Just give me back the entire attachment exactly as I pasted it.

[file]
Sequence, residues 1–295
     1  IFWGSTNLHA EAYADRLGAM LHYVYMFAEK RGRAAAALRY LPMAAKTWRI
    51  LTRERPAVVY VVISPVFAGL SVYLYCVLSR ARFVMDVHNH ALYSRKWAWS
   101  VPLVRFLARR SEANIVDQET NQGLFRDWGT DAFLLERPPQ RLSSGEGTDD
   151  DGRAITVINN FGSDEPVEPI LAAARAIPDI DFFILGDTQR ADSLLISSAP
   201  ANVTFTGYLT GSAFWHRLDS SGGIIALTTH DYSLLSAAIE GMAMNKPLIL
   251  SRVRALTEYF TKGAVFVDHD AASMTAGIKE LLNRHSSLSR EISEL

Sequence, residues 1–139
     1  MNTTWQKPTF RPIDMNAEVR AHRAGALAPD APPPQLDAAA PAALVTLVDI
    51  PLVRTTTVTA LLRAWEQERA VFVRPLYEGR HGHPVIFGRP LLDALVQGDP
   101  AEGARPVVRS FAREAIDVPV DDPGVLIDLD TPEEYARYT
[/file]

Sequence, residues 1–295
     1  IFWGSTNLHA EAYADRLGAM LHYVYMFAEK RGRAAAALRY LPMAAKTWRI
    51  LTRERPAVVY VVISPVFAGL SVYLYCVLSR ARFVMDVHNH ALYSRKWAWS
   101  VPLVRFLARR SEANIVDQET NQGLFRDWGT DAFLLERPPQ RLSSGEGTDD
   151  DGRAITVINN FGSDEPVEPI LAAARAIPDI DFFILGDTQR ADSLLISSAP
   201  ANVTFTGYLT GSAFWHRLDS SGGIIALTTH DYSLLSAAIE GMAMNKPLIL
   251  SRVRALTEYF TKGAVFVDHD AASMTAGIKE LLNRHSSLSR EISEL

Sequence, residues 1–139
     1  MNTTWQKPTF RPIDMNAEVR AHRAGALAPD APPPQLDAAA PAALVTLVDI
    51  PLVRTTTVTA LLRAWEQERA VFVRPLYEGR HGHPVIFGRP LLDALVQGDP
   101  AEGARPVVRS FAREAIDVPV DDPGVLIDLD TPEEYARYT